From desegregation to the rise of the Internet, much has changed in the past 100 years. But our homes haven’t. Why old-fashioned thinking in regards to how we occupy spaces is bad for our wallets, the environment, and our overall wellbeing.
Let’s paint a picture of the typical American home. First, it is a slave to the whims of the grid. The development of time-of-day pricing, and peak power, means that when the inhabitants need power the most, typically during the afternoon to run AC and during the evening to run electrical devices, power will also be most expensive – effectively guaranteeing high energy costs. At one time in American history, before we fully understood the negative impacts and relative scarcity of fossil fuels, fixed pricing made a lot of sense. But we now know that we live in a finite, fragile world. With the population of the United States alone expected to add another 100 million individuals by 2050, the strain on the grid will only continue to increase. So will prices thanks to basic supply and demand.
Second, the typical American family lives in quaint, affordable, environmental disasters. Homes are often built on what used to be prime farmland, wetlands, or other ecological habitats prior to large-scale bulldozing. They are often built far away from schools, services, and other basic amenities perpetuating a life-or-death reliance on automobiles. There is often no regard to environmental impact, lifecycle costs, or the nature and composition of building materials. In the same vein, materials and finishes containing Volatile Organic Compounds and other health hazards are often found in homes that cut costs by cutting corners. Studies indicate that average indoor air quality is 2-5 times worse than even outdoor air conditioners. The result is a cookie-cutter home that is as much a bane on the environment as it is on its inhabitants.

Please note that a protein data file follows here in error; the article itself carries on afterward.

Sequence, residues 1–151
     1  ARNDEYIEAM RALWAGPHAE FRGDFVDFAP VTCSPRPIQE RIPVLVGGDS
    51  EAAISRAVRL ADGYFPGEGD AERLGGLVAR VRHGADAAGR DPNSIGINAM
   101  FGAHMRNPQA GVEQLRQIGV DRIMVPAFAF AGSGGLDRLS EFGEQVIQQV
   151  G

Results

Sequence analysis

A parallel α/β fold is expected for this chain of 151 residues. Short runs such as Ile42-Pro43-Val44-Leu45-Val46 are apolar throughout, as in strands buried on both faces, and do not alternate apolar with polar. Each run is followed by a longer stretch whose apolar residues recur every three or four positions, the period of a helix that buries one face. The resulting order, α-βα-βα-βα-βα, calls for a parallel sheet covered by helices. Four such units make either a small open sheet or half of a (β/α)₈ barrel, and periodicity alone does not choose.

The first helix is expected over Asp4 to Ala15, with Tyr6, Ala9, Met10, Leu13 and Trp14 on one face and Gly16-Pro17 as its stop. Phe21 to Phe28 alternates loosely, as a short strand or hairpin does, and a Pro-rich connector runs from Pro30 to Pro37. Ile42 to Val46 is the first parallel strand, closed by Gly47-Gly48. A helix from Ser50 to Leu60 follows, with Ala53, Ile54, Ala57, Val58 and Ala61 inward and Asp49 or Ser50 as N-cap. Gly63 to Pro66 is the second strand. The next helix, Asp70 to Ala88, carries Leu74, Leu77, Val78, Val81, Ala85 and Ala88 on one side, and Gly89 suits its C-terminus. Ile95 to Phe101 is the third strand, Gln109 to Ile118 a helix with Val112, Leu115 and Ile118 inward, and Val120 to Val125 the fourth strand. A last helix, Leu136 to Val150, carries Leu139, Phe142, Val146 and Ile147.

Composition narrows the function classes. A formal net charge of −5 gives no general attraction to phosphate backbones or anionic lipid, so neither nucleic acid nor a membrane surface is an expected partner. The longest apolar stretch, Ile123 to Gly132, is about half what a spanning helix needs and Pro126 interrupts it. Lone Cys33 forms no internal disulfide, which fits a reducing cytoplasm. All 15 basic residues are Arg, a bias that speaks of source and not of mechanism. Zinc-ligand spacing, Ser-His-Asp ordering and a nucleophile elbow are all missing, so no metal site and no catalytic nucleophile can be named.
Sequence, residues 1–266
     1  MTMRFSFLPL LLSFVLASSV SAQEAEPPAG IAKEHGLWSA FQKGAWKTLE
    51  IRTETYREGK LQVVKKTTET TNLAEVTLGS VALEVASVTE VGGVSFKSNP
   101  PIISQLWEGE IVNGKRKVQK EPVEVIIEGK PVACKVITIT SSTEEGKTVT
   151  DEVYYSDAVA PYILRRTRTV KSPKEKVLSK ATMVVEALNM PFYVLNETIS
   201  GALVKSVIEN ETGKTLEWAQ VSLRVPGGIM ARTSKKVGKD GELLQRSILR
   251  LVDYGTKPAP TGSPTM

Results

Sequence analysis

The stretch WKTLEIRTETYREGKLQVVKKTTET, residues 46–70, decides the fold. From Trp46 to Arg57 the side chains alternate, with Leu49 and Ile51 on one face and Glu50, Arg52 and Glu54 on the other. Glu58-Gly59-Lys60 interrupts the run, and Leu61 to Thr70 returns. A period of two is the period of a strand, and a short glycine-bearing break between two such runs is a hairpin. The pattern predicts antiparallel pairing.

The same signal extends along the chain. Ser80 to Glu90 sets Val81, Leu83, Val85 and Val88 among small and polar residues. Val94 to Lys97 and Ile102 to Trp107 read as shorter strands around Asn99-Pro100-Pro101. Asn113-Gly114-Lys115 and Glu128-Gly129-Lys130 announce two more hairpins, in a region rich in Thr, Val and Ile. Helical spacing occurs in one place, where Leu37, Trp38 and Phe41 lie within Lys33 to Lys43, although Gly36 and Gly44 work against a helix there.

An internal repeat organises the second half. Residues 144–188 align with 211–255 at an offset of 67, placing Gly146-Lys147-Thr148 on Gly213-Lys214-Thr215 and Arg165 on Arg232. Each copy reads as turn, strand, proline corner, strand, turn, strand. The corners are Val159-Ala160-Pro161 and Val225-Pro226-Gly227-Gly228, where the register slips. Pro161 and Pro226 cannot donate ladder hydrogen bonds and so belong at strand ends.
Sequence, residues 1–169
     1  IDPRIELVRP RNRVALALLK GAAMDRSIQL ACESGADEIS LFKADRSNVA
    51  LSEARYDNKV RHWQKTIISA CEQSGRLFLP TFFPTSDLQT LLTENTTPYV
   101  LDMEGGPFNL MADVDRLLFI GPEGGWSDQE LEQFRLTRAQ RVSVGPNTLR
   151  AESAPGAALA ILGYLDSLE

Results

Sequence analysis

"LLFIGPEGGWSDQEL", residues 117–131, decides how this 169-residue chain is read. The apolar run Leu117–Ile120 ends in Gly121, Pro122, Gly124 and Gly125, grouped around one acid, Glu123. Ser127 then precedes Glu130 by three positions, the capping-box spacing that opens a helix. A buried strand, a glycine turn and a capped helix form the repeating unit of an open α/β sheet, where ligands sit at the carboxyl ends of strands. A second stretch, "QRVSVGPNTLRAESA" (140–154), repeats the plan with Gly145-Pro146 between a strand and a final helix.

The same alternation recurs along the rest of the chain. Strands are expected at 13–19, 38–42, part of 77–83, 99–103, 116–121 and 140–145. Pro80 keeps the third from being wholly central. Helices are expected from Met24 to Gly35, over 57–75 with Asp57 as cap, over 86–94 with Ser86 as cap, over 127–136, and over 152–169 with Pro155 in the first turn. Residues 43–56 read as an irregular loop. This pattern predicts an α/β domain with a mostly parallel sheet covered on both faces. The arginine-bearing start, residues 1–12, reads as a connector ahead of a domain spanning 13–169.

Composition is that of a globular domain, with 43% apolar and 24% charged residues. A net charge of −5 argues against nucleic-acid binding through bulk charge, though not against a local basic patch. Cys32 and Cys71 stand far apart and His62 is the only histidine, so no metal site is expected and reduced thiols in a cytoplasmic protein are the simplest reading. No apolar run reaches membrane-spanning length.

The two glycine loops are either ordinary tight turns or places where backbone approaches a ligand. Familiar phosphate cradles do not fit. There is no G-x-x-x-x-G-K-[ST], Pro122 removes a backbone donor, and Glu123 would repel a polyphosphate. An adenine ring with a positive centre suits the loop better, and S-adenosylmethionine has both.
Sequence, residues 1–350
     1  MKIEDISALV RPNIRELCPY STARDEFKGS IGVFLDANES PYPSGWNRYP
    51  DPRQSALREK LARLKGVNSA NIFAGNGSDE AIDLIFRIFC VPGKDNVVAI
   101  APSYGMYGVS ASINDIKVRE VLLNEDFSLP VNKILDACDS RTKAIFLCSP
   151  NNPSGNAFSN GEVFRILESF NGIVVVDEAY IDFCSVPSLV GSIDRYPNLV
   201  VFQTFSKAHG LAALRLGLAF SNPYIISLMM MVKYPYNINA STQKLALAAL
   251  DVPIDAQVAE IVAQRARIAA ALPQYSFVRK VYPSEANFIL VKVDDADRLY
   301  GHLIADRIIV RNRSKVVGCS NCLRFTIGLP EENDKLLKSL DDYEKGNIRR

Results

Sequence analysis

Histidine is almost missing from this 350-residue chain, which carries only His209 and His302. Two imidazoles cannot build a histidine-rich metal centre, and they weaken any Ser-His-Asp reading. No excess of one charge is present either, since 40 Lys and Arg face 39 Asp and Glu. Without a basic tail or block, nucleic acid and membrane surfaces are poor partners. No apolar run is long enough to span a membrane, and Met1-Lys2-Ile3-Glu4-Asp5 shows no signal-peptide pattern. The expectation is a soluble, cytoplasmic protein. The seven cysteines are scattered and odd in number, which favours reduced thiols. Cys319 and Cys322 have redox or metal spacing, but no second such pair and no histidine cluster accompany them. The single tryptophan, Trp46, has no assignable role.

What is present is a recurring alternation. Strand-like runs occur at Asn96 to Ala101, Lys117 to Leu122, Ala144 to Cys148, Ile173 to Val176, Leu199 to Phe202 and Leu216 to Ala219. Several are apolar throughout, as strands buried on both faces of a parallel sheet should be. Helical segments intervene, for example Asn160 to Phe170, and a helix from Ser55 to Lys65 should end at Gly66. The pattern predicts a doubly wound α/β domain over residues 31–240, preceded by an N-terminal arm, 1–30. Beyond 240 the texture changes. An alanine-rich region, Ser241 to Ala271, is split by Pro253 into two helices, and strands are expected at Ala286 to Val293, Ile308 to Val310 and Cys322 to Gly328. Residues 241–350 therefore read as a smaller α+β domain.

Finally, the standard suburban builder home is an obtuse exercise in mediocrity and mind-numbing monotony. At one time in American history, families were just happy to own a home of their own. Thanks to American ingenuity and progress, that dream came within the grasp of a majority of Americans in the 1950’s. The only problem is that the dream of homeownership hasn’t progressed passed the mindsets of that era. While phones and computers and cars and just about everything else have transitioned from big, bulky, and dumb boxes to sleek, connected, expressions of modernity, the house has not. And worse, in regards to our houses, we continue to be trapped in a mindwarp more than half a century in the past.
Thinking Outside the Box and How that Box is Made
Some may not be able to wrap their minds around the fact that a home can be more than a house. It can be a miniature power plant, generating useful electricity from rooftop solar panels, and even selling back excess electricity back to the city. It can be economical, minimizing consumption during peak hours and drawing power from the grid during the dead of night when electricity is cheap. It can be a medium for better health by providing ample natural lighting, ventilation, and excellent indoor air quality. It can even be a functional work of art, providing aesthetic and recreational pleasure for its inhabitants. Why shouldn’t a house be as friendly to the environment and to our families as it is to our wallets?
The beauty of American ingenuity revolves around the idea of freedom of choice, whether in politics or in the marketplace. If we want better, sleeker phones, an enterprising organization will set out to meet that demand. If we want safer cars with better gas mileage, then by golly that’s what car manufacturers will give us. Why then, don’t we demand better from our homes?
The truth is, many Americans are. Some national builders have started including green features as standard features. In other areas of the nation, eco-consious ecobuilders and LEED-certified architects are picking up the slack. As Americans, we always have a choice, we just need to make it by putting money where our mouth is.
Live well. Think green. Build Native.
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Thinking Outside the Box
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